When the bus first peeked over the edge of the altiplano down into the valley where La Paz is nestled, I had flashbacks to Rio de Janeiro. The hillsides are covered in brick-colored houses all the way up to the rim, and the low points contain the wealthier houses and the downtown areas. The biggest difference between Rio and La Paz, of course, is that La Paz isn't perched over the ocean. In its background, however, are big, beautiful mountains. The setting is gorgeous, just a bit different.
The thing that might stand out the most at times is how you feel. Its elevation is over 3,600 meters, or almost 12,000 feet. I'm currently staying on the 4th floor of Wild Rover Hostel. When I get up to my room after hiking up all those stairs, I almost pass out. I'm panting like crazy. The same thing happens when you walk around outside. As the city is situated in an entire valley, almost every street is a hill.
La Paz has the biggest markets I've yet seen. I've visited a couple and I must say I've never seen so many individually packaged items in one place in my entire life. You can buy just about anything you want from cleaning products to any kind of food or produce to candles to shoelaces. You name it.
In other parts of the city, you may not find a huge market, but you'll find all the usual street vendors selling whatever your heart may desire, and at least the non-food vendors tend to bunch together. For example, you may find three or four guys making duplicates of keys or selling candles. I even saw a lady cutting out shoe inserts with a pair of scissors. Another beautiful thing you'll find in La Paz that I didn't encounter much in the more southern countries is street vendors selling slices of pineapple and cups of fresh-squeezed orange juice. A cup of orange juice costs about 28¢ and a slice of pineapple costs between about 14¢ and 21¢.
Almost regardless of which direction you head, you'll be on a hill. As if the hills and the altitude weren't enough to make life a challenge, the sidewalks are barely wide enough for two people to pass. And where there are light posts, there is barely enough room for one person to squeeze through, especially if you're wearing a backpack.
The streets are narrow and I've heard more honking horns in my few days here than in the rest of my trip put together (part of the honking is just taxis advertising their availability). There are myriad taxis and a couple other forms of public transport. There are what appear to be old school buses acting as the city buses. This is the first time I've seen these old buses used as the primary public transport on my trip. There are also loads of minivans with someone hanging out the sliding door hollering out the destination. They stop anywhere and everywhere picking up and dropping off passengers.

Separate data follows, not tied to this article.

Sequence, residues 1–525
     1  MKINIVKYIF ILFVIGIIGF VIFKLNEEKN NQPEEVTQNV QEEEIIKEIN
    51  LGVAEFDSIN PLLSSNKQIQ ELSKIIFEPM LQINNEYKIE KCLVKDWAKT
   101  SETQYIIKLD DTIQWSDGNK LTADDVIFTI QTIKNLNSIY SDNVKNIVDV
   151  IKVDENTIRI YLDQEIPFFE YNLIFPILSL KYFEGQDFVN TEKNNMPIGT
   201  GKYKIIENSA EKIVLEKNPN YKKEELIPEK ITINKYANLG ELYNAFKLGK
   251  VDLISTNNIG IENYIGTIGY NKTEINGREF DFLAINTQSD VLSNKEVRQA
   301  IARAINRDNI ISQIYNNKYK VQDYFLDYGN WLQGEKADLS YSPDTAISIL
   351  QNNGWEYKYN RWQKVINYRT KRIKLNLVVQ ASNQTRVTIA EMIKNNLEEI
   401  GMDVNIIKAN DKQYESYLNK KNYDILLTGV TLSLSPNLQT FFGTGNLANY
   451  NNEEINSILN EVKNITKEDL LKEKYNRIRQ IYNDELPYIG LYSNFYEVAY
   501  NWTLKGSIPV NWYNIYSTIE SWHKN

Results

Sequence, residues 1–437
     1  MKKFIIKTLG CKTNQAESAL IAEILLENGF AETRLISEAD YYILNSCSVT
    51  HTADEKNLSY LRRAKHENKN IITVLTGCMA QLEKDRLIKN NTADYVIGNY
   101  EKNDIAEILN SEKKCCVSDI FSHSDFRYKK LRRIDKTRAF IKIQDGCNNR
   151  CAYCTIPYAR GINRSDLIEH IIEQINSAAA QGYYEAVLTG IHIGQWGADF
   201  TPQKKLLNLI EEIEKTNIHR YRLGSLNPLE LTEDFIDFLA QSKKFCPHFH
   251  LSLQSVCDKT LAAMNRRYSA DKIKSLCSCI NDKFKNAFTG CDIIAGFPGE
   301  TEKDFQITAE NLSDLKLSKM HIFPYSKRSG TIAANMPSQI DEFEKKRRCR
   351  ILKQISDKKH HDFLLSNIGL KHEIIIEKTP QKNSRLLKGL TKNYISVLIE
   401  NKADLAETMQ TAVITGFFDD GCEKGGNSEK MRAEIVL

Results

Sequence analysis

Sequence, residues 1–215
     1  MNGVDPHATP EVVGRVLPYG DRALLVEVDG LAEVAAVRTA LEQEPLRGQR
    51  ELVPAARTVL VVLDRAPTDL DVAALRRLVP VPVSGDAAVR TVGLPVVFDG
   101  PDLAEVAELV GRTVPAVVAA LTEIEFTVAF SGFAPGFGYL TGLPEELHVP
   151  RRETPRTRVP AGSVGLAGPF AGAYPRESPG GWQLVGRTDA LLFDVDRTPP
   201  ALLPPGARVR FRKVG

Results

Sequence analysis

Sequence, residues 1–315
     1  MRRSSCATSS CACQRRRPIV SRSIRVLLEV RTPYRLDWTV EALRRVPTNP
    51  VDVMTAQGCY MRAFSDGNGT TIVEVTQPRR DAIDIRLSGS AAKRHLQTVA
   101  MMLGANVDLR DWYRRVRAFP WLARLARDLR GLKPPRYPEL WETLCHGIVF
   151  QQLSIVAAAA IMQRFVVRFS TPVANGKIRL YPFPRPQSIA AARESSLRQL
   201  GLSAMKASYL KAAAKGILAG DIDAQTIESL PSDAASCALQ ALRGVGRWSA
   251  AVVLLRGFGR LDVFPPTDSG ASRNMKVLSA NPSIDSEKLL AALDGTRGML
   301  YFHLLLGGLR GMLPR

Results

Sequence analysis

For the most part, when I've been hungry, I've just wandered around looking for a hole in the wall joint. The first day I was here, I had some beef, rice, soup, and a Coke. The price? Nine Bolivianos. In American, that's $1.29. Another day for lunch, I had chicken, potato, a nice bowl of soup, and some other gizmos on the plate that I didn't really like—nor was I able to identify them. The bill came to a whopping eight Bolivianos. That translates to $1.14. I have no idea how these people make a living. Their rent must be only five bucks a month.
I always like to get to a high spot when I visit a new city for some overview photos. I enjoy seeing the lay of the land. There's a hill right in the middle of the city called Killi Killi Mirador. It's a nice little park-like viewpoint with virtually 360-degrees' view of the city. At least from this hostel, it's very easy access. Six pesos will get you to the top in a taxi, and an easy 20-minute walk will get you home.
When I first arrived here after my trek in the south, I slept fine. I guess I had acclimated to the high altitude. Then I went to the north and the edge of the jungle. After returning from three days at sea level, I had trouble sleeping. Every few minutes I had to take a deep gasp of air. The next night I slept fine again.
Women in Bolivia? Well, the attractiveness quotient drops several notches on average in comparison with Argentina and Brazil. The missing European and African influence makes a really big difference.
A word about Wild Rover Hostel. It's a very nice hostel and is kept very clean. The bathrooms are very nice and are cleaned continually. There is a bar and I believe you can buy food there. It can get a bit noisy at night. Just reserve yourself a bed in the 4-bed room—it's pretty quiet. There is a travel agency situated in the main office for booking tours—convenient. They also have WiFi. If you're in La Paz, I definitely recommend staying at this hostel.
There's certainly much more to this city than I saw, but I'm on a mission—I'm headed northward, and fast. If I'm in this neck of the woods again, this is a city I'll come back to.